The Popularity of the FLOTAC Method

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The current issue of The Journal of Parasitology features two studies that test the efficacy of the FLOTAC method, which uses a dual-chamber centrifugation system that detects parasitic eggs and cysts in the fecal matter of humans and animals. Both articles concluded that while the FLOTAC method is effective, it is not a "gold standard".

The Journal of Parasitology Volume 100 Issue 5

Identifying what ails us is always a daunting task, and we entrust our healthcare professionals with the job of diagnosing our illnesses and curing them. But how do healthcare professionals keep up with new diseases, virus strains, and parasites? Behind the scenes, researchers are hard at work developing faster and more accurate methods of detection to identify the “bugs” that may be the root of our illnesses.

A new method for identifying common parasitic eggs has recently surfaced. The FLOTAC technique uses a dual-chamber centrifugation system that detects parasitic eggs and cysts in the fecal matter of humans and animals. If medication is prescribed as a treatment, FLOTAC is also able to measure the effectiveness of the drug on the parasite.

Recently, two studies were published testing the efficacy of the FLOTAC method in The Journal of Parasitology. In the article “Experimental Estimation of the Efficacy of the FLOTAC Basic Technique,” the authors set out to test the FLOTAC technique and theory on it’s accuracy, precision, recovery, sensitivity, and limits of detection and quantification. Using naturally occurring parasites in dogs and pigs, the authors found many discrepancies with the original theory behind FLOTAC in terms of projected percentages. Still, the use of the dual-chamber method led the authors to conclude that FLOTAC was the most effective quantitative method for the eggs of parasitic worms.

While in agreement with this finding, the second study, “Validation of FLOTAC for the Detection and Quantification of Troglodytella Abrassarti and Neobalantidium Coli in Chimpanzees and Pigs,” examined a wider array of parasites. They reported that the FLOTAC method was not optimal in detecting the cysts of protozoan parasites which normally inhabit the large intestine. The authors found that another method, merthiolate-iodine-formaldehyde sedimentation (a semi-quantitative scoring of the intensity of the infection), was a more effective method of detection. These authors concluded that although FLOTAC is not the “gold standard” method, it is nonetheless effective.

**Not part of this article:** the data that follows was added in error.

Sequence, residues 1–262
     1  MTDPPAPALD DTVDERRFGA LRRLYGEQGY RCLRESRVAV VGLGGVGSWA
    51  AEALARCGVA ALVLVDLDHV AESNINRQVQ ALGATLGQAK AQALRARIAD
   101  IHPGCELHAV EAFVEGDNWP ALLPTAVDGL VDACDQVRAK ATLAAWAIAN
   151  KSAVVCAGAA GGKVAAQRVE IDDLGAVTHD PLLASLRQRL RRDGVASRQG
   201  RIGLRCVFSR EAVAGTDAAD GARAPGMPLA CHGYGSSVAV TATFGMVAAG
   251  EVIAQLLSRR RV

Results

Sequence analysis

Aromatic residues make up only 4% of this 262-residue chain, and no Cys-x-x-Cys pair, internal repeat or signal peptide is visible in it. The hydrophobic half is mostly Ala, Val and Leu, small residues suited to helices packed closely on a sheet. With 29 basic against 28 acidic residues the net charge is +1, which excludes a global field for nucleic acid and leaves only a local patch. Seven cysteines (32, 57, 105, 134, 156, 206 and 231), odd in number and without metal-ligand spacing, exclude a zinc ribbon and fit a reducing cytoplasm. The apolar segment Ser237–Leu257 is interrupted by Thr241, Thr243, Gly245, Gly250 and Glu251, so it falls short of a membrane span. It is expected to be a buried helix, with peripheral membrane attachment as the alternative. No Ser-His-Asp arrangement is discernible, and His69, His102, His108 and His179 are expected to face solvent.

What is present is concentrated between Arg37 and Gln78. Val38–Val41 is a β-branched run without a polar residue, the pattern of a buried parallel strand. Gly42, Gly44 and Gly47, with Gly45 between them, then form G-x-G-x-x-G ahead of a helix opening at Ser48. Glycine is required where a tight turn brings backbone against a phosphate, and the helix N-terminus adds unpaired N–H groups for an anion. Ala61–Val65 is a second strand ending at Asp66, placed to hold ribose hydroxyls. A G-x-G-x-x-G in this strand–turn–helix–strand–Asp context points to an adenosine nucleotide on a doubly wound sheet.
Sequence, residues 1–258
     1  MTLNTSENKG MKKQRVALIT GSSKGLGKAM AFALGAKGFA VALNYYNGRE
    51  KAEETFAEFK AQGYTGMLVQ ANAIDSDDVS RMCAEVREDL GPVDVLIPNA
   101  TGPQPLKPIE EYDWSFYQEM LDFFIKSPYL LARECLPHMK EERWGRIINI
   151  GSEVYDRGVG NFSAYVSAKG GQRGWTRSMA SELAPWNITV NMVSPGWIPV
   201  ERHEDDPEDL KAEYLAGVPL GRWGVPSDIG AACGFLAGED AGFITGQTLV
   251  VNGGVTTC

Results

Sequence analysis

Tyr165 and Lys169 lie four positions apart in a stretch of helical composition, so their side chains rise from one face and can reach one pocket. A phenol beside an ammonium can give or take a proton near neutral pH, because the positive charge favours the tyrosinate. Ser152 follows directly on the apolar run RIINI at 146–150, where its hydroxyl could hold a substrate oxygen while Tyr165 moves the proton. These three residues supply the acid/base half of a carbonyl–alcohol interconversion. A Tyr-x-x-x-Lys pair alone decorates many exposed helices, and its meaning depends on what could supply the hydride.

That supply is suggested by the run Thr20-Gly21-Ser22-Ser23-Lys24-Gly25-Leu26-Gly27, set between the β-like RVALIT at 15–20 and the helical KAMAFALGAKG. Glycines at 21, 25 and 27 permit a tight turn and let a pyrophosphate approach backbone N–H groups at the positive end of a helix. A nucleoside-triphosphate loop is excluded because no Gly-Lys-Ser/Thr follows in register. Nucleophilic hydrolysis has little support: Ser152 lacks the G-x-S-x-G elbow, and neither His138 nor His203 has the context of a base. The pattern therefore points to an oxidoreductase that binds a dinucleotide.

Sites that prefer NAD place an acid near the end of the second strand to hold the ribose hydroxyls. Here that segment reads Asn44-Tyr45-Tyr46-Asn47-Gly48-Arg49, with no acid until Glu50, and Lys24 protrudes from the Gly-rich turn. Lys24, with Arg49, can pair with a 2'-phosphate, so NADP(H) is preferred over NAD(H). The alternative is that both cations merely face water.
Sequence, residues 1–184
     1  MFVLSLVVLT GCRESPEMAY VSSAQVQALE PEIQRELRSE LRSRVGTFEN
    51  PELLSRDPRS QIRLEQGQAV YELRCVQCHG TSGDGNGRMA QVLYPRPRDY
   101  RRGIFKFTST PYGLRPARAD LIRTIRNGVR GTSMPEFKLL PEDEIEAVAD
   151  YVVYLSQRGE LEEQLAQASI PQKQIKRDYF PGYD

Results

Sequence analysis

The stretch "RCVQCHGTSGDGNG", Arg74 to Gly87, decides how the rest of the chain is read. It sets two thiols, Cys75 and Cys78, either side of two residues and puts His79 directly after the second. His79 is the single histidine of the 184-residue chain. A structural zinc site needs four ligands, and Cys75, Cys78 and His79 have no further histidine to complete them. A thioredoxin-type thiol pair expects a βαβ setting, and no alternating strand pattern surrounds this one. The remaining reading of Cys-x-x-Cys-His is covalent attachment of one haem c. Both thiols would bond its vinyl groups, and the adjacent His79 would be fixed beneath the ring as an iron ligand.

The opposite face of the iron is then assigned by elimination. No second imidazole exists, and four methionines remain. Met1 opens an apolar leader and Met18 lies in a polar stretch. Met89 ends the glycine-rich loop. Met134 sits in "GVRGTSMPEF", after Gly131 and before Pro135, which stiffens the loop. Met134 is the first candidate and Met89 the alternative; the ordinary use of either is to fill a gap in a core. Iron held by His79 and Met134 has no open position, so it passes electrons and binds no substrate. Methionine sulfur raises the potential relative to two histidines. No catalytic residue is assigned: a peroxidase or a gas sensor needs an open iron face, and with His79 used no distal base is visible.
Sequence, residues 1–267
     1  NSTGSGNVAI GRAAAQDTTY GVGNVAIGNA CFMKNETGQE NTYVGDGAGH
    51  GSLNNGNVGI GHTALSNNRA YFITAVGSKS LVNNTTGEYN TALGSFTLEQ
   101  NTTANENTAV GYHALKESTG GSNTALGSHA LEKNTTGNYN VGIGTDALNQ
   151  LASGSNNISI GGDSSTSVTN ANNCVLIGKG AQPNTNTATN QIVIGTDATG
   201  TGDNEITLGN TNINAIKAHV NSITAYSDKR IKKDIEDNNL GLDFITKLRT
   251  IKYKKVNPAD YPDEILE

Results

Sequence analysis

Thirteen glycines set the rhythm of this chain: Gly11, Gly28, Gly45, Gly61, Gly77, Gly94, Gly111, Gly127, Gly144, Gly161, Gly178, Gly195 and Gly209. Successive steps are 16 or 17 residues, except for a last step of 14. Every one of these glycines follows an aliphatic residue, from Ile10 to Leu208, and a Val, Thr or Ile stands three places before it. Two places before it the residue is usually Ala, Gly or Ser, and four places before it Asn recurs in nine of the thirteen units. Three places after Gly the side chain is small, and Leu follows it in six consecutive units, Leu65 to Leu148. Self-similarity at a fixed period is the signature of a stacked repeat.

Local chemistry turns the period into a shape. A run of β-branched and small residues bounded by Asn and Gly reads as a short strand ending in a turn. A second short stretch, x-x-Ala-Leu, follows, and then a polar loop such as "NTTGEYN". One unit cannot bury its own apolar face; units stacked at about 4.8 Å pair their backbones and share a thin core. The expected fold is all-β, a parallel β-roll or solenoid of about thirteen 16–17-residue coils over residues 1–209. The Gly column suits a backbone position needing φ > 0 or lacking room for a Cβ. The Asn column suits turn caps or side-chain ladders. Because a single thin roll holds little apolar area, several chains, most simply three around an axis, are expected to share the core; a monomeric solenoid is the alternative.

Overall, the FLOTAC method is gaining popularity due to its ease of use in detecting selected parasites. However, as these two articles point out, the particular parasites being looked for will determine what method is applied.

Full text of the articles, “Experimental Estimation of the Efficacy of the FLOTAC Basic Technique,” and “Validation of FLOTAC for the Detection and Quantification of Troglodytella Abrassarti and Neobalantidium Coli in Chimpanzees and Pigs,” Journal of Parasitology, Vol. 100, No. 5, 2014, is now available.

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About The Journal of Parasitology
The Journal of Parasitology is the official journal of the American Society of Parasitologists (ASP). It is a medium for the publication of new original research, primarily on parasitic animals, and official business of the ASP. The journal is intended for all with interests in basic or applied aspects of parasitology as well as in systematics, medicine, molecular biology, immunology, physiology, ecology, biochemistry, and behavior. For more information, visit http://www.journalofparasitology.org.

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Taylor Fulton
Allen Press
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